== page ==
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Shemita

This Rosh Hashanah 5782, we began a shemita year, the seventh in an agricultural cycle in which the Torah commands us to let the land lie fallow and release debts that are owed to us—as a way to recognize that God is the true owner of the earth and all material goods. During the shemita year we withdraw from our daily routines of production and consumption and observe a yearlong Shabbat.

Shemita is an ancient agricultural practice, but its underlying values of release, equity, and community have never been more relevant. This year we will dive into an exploration of Shemita with a focus on five topics, engaging in acts of creative moral imagination as we consider the world in which we currently live in, and envision the world that could be:

Climate Change and the Environment | The Land of Israel | Shabbat and Restoration | Social and Racial Equity | Community and Covenant

We hope you will find personal meaning and transformation in this yearlong journey, and a deeper connection to our community, to humanity, to the earth, and to the divine.

The literal and metaphoric plagues of the past two years—a pandemic, social upheaval, environmental disasters, and more—have posed deep existential questions to humanity about how we ever arrived at this moment, and what kind of a future we are willing to create.

Photo by Thom Milkovic on Unsplash

Photo by Jon Tyson on Unsplash

In our Jewish calendar, we are at an ideal moment to reflect on these questions. This Rosh Hashanah 5782, we began a shemita year, the seventh in an agricultural cycle in which the Torah commands us to let the land lie fallow and release debts that are owed to us, to withdraw from our daily routines of production and consumption and observe a yearlong Shabbat.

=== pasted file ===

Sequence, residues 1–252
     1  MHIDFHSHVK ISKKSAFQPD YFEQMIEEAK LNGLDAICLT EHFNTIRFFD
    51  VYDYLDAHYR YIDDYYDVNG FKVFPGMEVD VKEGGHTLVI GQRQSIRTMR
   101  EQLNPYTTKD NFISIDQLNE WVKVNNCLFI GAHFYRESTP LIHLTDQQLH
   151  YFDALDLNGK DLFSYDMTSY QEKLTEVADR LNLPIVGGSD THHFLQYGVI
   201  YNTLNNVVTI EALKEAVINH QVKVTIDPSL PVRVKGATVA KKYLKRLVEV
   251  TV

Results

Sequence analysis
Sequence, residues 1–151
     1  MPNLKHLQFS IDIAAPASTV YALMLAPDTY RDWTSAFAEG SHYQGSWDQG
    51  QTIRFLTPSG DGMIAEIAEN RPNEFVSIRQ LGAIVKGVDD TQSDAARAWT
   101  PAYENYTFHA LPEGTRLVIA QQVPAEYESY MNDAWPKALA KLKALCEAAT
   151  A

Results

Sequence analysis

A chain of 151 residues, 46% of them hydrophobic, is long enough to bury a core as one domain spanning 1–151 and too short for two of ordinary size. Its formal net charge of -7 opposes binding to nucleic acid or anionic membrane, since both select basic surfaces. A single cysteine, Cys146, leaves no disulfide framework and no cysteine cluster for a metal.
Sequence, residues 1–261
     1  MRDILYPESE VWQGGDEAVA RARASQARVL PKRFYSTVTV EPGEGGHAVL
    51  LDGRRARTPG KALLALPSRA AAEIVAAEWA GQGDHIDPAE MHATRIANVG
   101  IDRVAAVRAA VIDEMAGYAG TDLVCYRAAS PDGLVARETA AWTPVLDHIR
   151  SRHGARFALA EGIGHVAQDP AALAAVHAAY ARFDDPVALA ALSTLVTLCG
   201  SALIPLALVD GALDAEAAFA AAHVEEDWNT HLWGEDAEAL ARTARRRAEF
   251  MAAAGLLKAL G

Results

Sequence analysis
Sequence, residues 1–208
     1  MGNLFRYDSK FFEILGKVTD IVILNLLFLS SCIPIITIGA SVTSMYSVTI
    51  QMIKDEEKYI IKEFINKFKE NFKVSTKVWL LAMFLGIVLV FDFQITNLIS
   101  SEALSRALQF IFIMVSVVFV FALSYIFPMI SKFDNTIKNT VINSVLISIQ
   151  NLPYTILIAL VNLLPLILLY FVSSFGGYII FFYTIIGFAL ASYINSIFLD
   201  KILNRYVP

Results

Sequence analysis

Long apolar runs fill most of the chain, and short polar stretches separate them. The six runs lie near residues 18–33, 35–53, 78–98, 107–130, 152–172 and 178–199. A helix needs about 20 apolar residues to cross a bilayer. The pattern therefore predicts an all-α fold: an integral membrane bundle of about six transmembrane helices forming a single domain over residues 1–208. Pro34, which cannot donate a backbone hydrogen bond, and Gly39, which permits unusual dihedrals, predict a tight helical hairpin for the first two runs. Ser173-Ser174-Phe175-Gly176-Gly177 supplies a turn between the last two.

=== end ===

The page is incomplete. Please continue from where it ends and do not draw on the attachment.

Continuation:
While these biblical laws were meant for an ancient agricultural society, the underlying values they express have never been more relevant. The shemita year demands that we pause, let go, and recalibrate our worldview.  It challenges us to rethink our relationship to the earth, to consumption, to community, and to God. shemita holds up a mirror to our society so that we may see its imperfections and inequities, the consequences of human hubris. Simultaneously, it lifts up an aspirational vision of transformation, a glimpse of the world as it should be.

Don’t you see that we are stuck in a worldview that is eating us and destroying us?

—Rabbi Irwin Kula

Shemita is BJ’s overarching theme for the year 5782. Throughout the year, we will engage in acts of creative moral imagination as we consider the world in which we currently live and envision the world that could be. Lectures and Jewish learning will provide opportunities to explore the topics of climate change and the spiritual work of environmental stewardship; racial inequity in the criminal justice system, health care and education; economic equity and our relationship to money; the radical role of Shabbat in countering a culture of consumerism and non-stop work; gender equity in Jewish communal and ritual life; and the historical and contemporary observance of shemita in the land of Israel.

Small group conversations and creative arts workshops will ask us to envision the community we want to be and engage us in questions about what it means to be a global community; what work we need to do to ensure that BJ is a place of belonging and equity for all, staff and community members alike; and how we can better align our individual and collective choices with our stated values. This work will result in the creation of a BJ community covenant that articulates our vision, values, and commitments to one another and to the larger world.

What the Sabbath achieves regarding the individual, the shemita achieves with regard to the nation as a whole.

—Rabbi Abraham Isaac Kook

Shemita is much more than an agricultural practice. It is a mindset, the cultivation of a worldview that centers community, interdependence, human creativity, and equity. We hope you will find personal meaning and transformation in this yearlong journey, and a deeper connection to our community, to humanity, to the earth, and to the divine.

COVID-19 and Racial Disparities

Various dates throughout December 2021 | Zoom
BJ members are invited to join small groups to engage in learning and reflection with this incredible new resource, “What has COVID-19 Revealed About Racial Disparities? Resources for Communal Reflection,” created by members of the BJ community Diversity, Equity, and Inclusion (DEI) committee.